BWW Review: Resplendent RAGTIME Brings Elite Syncopations to Providence Performing Arts Center
Rhode Island audiences, prepare to be dazzled. Ragtime is one of the most highly acclaimed musicals of the last two decades and the touring production now playing the Providence Performing Arts Center does the show's rich legacy proud.
At the turn of the twentieth century, America stood on the cusp of great cultural change. While industrial growth literally and figuratively altered the landscape of the United States, labor rights activists clashed with exploitative business moguls, African-American leaders sought equality through the founding of the NAACP, immigrants arrived on American shores in numbers never before witnessed, and women rapidly saw their social roles redefined as suffrage grew ever closer to reality. The syncopated sounds of ragtime music underscored it all and became the soundtrack for the aptly titled "Progressive Era."
E.L. Doctorow's Ragtime, adapted for the stage by Terrence McNally, chronicles these times through representative members of three separate groups: the well-to-do elite of New Rochelle, the African-American community of Harlem, and the European immigrants arriving at Ellis Island. Stephen Flaherty and Lynn Ahrens' sweeping musical numbers punctuate Ragtime's narrative as the characters' clearly delineated social spheres break down and individuals begin to interact in unanticipated, life-changing ways.
The touring company of Ragtime is committed to telling this story with the vitality and respect it demands. Everything about this production is of the finest quality, from the gorgeous period costumes by Gail Baldoni to Kevin Depinet's spare-yet-versatile props and sets. Mike Baldassari's lighting design deftly illuminates the New Rochelle residents' reminiscences: "The days were gently tinted/Lavender, pink, lemon, and lime." Marcia Milgrom Dodge's smart choreography and direction both streamline the heavy exposition of act one and guide the quick-fire developments of the second act.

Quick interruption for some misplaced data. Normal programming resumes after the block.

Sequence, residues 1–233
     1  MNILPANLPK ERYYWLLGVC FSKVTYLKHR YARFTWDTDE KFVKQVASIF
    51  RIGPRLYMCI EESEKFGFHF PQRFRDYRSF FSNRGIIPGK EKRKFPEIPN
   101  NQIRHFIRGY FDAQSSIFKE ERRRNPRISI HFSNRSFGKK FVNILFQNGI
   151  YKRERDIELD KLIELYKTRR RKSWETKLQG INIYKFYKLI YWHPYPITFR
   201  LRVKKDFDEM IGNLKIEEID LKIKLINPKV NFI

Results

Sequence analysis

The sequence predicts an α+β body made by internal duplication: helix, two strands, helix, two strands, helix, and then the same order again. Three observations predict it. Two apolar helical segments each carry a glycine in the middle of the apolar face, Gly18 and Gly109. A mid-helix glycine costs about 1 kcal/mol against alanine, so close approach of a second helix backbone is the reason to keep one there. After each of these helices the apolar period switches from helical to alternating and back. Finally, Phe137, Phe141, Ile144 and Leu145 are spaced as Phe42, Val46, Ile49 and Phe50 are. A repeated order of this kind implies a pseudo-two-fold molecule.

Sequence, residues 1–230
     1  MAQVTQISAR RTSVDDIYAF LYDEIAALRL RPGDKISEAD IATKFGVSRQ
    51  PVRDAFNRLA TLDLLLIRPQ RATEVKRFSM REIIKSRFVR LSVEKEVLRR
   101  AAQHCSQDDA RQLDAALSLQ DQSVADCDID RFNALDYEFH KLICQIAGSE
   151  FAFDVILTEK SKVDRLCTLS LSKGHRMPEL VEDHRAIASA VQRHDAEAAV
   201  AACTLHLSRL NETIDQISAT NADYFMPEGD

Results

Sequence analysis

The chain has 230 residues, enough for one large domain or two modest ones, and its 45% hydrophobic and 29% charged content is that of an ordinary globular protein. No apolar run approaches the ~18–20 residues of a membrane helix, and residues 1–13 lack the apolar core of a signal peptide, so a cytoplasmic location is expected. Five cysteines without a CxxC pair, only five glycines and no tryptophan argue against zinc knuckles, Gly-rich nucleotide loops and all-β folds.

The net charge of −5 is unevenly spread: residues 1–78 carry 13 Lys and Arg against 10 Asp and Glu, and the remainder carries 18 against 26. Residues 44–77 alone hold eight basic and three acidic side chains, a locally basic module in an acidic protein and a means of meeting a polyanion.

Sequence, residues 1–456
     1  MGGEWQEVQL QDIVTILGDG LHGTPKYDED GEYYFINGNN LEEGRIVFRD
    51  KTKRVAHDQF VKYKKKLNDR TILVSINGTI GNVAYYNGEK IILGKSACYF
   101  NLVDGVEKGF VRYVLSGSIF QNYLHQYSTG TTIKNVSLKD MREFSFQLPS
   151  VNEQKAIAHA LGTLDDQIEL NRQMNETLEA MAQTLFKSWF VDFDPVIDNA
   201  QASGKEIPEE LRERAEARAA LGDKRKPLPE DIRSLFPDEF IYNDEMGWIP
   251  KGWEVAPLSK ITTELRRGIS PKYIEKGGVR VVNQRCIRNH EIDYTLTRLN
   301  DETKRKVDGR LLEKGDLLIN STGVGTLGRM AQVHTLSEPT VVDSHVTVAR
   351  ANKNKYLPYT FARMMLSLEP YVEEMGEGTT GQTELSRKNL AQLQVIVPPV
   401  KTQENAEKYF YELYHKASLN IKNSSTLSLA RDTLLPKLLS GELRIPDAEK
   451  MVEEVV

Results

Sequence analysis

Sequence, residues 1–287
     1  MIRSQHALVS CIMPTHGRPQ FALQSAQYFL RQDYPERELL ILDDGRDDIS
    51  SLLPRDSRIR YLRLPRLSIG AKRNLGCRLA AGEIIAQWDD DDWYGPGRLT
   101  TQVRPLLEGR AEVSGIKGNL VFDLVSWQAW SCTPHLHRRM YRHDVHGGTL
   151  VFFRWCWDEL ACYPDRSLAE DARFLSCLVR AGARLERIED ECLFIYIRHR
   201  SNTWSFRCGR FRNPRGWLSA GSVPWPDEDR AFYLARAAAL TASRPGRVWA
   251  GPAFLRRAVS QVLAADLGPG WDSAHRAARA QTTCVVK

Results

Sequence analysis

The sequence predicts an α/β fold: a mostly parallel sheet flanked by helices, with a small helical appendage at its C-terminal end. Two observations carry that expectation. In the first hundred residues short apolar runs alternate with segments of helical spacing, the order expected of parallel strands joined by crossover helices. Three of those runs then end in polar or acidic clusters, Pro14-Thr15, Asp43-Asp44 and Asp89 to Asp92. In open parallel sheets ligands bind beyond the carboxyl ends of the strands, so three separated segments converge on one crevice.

Most especially, this tour boasts an absolutely first-class company of performers. The cast is simply brimming with talent and every actor, from principal player to ensemble member, excels in song, expression, and storytelling.
Chris Sams heads that cast and delivers a knockout performance as ragtime musician Coalhouse Walker, Jr. The richness and sheer power of Sams' vocal performances are second to none. He brings Coalhouse's character to life with absolute integrity and dignity, and the genuineness of his emotions - from buoyant idealism to bone-deep grief and terrifying rage - reads through to the back rows of the theater.
Leslie Jackson inhabits the role of Sarah, Coalhouse's lady love, down to her fingertips. Sarah's sorrow is palpable during Jackson's wonderful rendition of "Your Daddy's Son," then later, her sweet, vibrant spirit filters through like sunshine as her heart begins to mend. Jackson and Sams bring down the house in their scenes together, and their excellent duets - "The Wheels of a Dream" and "Sarah Brown Eyes" - are outright showstoppers.